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4 Ways to Establish a Strong Company Culture

By Meagan Simmons on July, 14 2016
Meagan Simmons

Meagan comes to Ren Scott Creative from the scorching hot desert of Arizona, but it's her cool demeanor and get-it-done attitude that keeps it all moving forward in the digital department. Speaking of moving, you may find her at your local gym teaching Zumba when she's not rockin' "the Google."

One of the trickiest aspects of business is creating and nurturing the type of climate you want throughout all your employees, in their interactions with colleagues and customers. Here are a few tips you can use to establish a more vibrant company culture, along with advice on working with an advertising agency to communicate it to the outside world.

  Generally speaking, business leaders understand that having a strong company culture is essential to success. The culture of your firm essentially provides a sense of cohesion: it should reflect the mission and vision of the company, incorporating shared values that are central to how the company succeeds internally and externally.

Here are four ways to guide and improve your company culture:


#1 – Exhibit transparency.


agency-transparency.jpgOne element of your business that can be helpful is simply to allow everyone to see where the company is positioned and where it’s headed. You can look at the most important analytics as a group, giving everyone a sense that they are a part of building the firm. Another way to improve transparency is a Google tradition called a “TGIF call” – a call that takes place bi-weekly, at the end of the week, and in which people can broadly ask questions (through anonymous submission if desired).


#2 – Actually integrate your values.


You can’t just post a list of supposed values on your website or on the wall at your office. "Culture is a consequence of a company's values," notes business consultant Charles Day, adding that simply listing attributes in a vacuum can be alienating. “When you see companies that are really committed to [their values] they've embedded them into the leadership behavior," he says.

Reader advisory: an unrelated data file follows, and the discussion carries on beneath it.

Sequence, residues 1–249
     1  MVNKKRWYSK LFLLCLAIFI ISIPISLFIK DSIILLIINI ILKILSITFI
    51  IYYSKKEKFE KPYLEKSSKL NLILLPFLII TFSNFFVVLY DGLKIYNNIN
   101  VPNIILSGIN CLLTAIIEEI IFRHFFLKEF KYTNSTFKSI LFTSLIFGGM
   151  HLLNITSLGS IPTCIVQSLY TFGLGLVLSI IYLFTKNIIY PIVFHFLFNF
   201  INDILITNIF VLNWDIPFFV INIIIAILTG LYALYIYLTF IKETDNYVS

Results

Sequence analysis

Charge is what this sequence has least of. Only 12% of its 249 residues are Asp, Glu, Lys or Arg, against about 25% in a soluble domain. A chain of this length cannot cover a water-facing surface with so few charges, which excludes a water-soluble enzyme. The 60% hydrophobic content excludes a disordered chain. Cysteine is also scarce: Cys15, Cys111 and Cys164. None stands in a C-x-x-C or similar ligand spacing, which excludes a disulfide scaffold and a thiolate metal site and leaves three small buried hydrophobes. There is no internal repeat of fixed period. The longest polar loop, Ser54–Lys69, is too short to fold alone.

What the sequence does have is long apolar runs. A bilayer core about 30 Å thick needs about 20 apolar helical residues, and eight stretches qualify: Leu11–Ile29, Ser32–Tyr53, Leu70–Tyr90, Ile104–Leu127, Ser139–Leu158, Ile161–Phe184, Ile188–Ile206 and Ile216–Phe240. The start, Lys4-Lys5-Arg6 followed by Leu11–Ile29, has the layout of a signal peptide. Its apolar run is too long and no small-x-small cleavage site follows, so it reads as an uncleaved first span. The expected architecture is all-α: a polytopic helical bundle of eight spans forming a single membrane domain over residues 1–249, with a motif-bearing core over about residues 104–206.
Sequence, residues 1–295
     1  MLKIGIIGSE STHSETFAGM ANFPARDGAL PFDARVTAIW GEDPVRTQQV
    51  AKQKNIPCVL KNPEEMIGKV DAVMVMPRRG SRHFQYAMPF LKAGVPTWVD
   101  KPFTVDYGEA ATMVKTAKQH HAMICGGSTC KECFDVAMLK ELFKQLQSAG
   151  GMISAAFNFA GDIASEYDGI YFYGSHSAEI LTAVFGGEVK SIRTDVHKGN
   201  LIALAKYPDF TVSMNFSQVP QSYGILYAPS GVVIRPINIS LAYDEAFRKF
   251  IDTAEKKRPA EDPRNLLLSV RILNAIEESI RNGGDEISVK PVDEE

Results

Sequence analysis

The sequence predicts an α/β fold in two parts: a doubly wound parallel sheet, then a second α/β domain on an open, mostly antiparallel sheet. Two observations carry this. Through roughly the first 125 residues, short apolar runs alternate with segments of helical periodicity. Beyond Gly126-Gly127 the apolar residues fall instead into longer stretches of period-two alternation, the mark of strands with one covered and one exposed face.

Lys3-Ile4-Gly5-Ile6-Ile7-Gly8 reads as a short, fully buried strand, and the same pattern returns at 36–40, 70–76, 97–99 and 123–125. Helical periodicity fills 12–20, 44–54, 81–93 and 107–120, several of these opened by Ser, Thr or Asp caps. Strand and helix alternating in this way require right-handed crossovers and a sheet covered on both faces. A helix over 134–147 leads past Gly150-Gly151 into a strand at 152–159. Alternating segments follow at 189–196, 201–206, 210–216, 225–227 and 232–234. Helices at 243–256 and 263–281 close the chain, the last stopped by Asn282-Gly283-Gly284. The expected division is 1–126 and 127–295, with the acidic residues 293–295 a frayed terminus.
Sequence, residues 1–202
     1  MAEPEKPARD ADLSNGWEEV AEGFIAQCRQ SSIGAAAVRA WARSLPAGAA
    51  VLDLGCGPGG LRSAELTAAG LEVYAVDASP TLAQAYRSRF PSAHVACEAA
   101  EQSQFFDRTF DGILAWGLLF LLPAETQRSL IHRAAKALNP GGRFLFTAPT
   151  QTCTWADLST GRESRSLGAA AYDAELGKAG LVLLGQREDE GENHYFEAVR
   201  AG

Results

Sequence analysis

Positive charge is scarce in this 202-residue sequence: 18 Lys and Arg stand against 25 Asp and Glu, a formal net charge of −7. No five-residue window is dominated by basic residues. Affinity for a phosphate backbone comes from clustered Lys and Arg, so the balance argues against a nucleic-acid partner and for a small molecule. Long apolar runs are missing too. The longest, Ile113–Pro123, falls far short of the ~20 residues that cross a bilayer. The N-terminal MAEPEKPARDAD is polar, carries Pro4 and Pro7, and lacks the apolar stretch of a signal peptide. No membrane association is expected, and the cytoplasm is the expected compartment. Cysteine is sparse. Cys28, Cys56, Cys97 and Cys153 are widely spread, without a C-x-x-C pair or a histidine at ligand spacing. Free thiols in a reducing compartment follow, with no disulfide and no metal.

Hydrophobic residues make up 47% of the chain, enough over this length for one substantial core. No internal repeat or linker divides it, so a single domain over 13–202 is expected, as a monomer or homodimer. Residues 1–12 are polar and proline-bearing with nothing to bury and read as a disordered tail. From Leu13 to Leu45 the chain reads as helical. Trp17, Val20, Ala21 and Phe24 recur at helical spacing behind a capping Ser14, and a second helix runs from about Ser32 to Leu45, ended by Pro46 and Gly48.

#3 – Respect people’s different needs for space.


Susan Cane, in a TED Talk, discusses how businesses are designed for extroverts rather than introverts. That’s true not just in terms of processes but in terms of physical space. Open floor-plans may foster collaboration and work well for some employees. However, people who are introverted may need greater privacy. If you want to have healthy company culture, prioritize employee comfort when deciding how you will lay out the workplace.


#4 – Consider your organizational design.


creative-team.jpgOnce you look at how the space is designed, you also want to assess the design of the organization, explains Jeremy Bloom in Entrepreneur. “Organizational design is the processes, structure, and hierarchy you put into place that allow you to put your culture into practice,” he says. “This will include your communication, company policies, team building, performance indicators, performance evaluations, division of responsibilities, and even how you schedule, and run, meetings.”


Communicating your culture through an advertising agency


Improving your company culture can have a positive impact on your employee morale, but it will also help customers feel connected to your business. If you want your culture to feel authentic and work to your benefit, consistency is paramount – which is why working with a full-service agency can be so effective.


At Ren Scott Creative, our multi-layered approach connects all advertising layers to increase conversions. See what sets us apart.

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